This is the second part of the Lee Library blog posts that examine their recent digitization projects. Part I is available here:

This month, we are following up with Lee Library Association Trustee Mary Philpott. Mary has had access to the forthcoming new Digital Commonwealth Repository’s Administrative pages to help test the new repository and work with BPL staff to learn how to enter metadata. (The new Digital Commonwealth web-site will be available to the general public in early 2014.)

Figure 1. View of a draft record summary in new repository. The edit link is above the image

In entering metadata, Mary and her volunteers will be working from inventory sheets that were created decades ago.   These sheets have descriptions, subjects and provenance information.  Lee has only one copy of these sheets for each image, so having the metadata entered solves access and preservation goals for the Lee Library.  All levels of metadata, from descriptive to administrative, can be entered using the repositories new templates: Mary can not only enter descriptions, but who provided the information, as well as their relationship to the images, thus establishing the authority behind the descriptions themselves.   Tom Blake (Digital Projects Manager, BPL) and Danny Pucci (Lead Digital Projects Librarian, BPL) reviewed the inventory sheets with Mary and offered guidance as to how to transpose the printed metadata onto the templates on the Digital Commonwealth’s new repository.

After the review with Tom and Danny and actual practice with adding image files and metadata on the test repository, Mary was able to compare the pros and cons in the workflow using Excel spreadsheets vs. the templates from the new repository.  Working on the new repository is “much easier than using excel.  The new data entry form is clear and easier to use. You can see [your work] in a format that will be viewable to everyone.  Once you enter a description, the system remembers it when you enter new records, so, for example, entering the size of an image becomes easier as the system offers choices of the various sizes previously entered.”

“Not being a librarian, I am not used to the formatting rules.  Eben English was helpful explaining the types of data and format that belongs in the various data entry boxes.” Eben sent Mary a sample record of the Boston Red Sox image.  Mary compared that to a Fire Department photo she was working on and went on to enter another half dozen test records.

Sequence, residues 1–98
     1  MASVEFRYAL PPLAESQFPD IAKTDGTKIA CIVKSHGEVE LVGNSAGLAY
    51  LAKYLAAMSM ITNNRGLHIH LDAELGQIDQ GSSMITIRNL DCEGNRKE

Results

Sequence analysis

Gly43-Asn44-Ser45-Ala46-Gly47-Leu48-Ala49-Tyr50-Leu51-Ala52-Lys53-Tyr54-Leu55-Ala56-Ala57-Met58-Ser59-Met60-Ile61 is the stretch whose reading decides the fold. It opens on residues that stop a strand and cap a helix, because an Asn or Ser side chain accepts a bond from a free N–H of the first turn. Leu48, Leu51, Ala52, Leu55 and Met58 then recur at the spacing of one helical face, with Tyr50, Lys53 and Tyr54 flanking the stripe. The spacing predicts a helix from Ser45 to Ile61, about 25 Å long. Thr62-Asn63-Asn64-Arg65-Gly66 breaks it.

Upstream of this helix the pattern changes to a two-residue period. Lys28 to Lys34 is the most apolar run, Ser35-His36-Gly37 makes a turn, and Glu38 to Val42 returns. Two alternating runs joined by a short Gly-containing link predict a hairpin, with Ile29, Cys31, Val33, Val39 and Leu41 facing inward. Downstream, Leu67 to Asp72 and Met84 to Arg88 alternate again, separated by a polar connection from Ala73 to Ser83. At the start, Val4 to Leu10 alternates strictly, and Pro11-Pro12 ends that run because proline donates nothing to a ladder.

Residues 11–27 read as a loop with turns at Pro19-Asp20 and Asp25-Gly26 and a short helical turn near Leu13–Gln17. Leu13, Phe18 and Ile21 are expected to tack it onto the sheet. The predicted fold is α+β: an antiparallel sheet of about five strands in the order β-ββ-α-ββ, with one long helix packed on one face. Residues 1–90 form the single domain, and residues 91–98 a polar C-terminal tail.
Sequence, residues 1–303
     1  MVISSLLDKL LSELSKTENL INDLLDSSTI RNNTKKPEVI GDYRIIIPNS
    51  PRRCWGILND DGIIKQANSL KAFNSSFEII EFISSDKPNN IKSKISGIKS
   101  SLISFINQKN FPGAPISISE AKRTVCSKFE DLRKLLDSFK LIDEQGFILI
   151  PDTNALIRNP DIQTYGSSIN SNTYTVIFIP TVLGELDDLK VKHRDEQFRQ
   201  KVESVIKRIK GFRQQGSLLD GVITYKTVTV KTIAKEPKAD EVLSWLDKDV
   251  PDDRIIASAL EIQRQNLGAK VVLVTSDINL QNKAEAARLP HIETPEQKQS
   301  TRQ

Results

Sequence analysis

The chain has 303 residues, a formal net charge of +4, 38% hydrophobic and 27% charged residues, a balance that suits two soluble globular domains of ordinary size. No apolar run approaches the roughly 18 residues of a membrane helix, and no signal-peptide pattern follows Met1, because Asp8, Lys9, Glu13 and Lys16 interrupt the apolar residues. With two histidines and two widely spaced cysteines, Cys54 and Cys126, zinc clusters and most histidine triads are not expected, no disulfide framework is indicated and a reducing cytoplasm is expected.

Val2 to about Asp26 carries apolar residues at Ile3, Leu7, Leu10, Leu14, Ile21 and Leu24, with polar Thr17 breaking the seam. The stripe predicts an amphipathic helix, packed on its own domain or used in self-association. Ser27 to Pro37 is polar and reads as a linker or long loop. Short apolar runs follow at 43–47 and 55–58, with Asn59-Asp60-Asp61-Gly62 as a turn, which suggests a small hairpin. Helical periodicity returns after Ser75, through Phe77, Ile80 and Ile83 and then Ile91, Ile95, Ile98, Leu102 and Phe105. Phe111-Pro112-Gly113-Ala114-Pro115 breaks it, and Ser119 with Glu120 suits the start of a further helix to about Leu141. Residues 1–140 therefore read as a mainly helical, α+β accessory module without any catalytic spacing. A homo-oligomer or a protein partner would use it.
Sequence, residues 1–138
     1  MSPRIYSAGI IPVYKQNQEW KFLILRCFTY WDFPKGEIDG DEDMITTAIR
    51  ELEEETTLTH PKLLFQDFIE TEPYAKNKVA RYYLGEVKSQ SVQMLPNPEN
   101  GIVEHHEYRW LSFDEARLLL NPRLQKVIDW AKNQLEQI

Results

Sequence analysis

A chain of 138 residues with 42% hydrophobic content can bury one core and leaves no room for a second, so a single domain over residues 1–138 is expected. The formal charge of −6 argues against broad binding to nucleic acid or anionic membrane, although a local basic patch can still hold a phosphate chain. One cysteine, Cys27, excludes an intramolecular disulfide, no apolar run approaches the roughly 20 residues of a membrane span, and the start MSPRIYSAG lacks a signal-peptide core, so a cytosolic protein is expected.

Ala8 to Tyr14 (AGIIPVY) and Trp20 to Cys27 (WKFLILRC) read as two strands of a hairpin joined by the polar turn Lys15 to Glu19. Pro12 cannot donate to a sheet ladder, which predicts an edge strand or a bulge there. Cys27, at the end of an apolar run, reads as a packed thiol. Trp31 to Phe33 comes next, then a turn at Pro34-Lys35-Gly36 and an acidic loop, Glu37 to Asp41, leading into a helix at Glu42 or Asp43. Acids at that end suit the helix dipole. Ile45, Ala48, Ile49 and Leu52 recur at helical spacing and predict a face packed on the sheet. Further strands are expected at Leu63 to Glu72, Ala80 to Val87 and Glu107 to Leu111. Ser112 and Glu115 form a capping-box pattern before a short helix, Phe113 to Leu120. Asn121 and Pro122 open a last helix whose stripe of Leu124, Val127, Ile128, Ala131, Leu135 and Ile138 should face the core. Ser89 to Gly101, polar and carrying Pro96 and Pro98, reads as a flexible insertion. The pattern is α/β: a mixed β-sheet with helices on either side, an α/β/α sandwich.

Figure 2. Partial view of record template in new repository. Note the drop down boxes and help features

After having the experience of entering the metadata live and seeing the immediate results, “I now understand why the formatting rules are so important in researching the material.  Entering the metadata in the templates is slow for the first few records but once you have a sense of the choices from the drop down boxes, a pattern develops.   It will be faster now that I have become familiar with the templates.  I will be able to show other board members, staff and volunteers how to enter our descriptions.  I am pretty exited about using the software.  I want to see our collection online and want this project to be finished so we have something to show people and be able to share all this information.   It will also help to get additional information from people who know and are familiar with the images.”

Mary explained that judgment calls will need to be made for each of Lee’s collections along the way.  Once all the metadata for these images is complete, Mary is looking forward to working with Lee’s scrapbooks, letters and business ledgers.  The business ledgers, for example, can paint fascinating glimpses into Lee’s history, such as the ledgers of a present-day restaurant/inn that was once a stagecoach stop in Lee and the names of guests are recorded as well as ads from local businesses.